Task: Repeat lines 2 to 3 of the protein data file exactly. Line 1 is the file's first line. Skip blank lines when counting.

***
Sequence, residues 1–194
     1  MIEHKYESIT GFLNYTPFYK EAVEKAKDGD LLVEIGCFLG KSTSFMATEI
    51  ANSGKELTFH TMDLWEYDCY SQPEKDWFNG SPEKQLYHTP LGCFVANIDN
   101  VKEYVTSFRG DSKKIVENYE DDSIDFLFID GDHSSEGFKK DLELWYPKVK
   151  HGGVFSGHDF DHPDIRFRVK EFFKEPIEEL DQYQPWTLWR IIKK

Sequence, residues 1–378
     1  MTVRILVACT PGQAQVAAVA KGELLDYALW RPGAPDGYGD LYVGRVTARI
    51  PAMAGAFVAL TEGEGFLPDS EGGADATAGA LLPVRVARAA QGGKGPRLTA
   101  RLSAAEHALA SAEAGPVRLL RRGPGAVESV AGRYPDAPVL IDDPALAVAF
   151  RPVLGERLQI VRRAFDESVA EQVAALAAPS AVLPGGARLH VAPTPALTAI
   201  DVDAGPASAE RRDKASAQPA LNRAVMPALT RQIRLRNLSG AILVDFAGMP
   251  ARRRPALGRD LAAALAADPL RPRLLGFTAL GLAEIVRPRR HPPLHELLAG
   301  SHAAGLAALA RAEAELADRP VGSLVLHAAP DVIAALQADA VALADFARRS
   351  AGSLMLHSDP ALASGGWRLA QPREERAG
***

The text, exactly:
     1  MIEHKYESIT GFLNYTPFYK EAVEKAKDGD LLVEIGCFLG KSTSFMATEI
    51  ANSGKELTFH TMDLWEYDCY SQPEKDWFNG SPEKQLYHTP LGCFVANIDN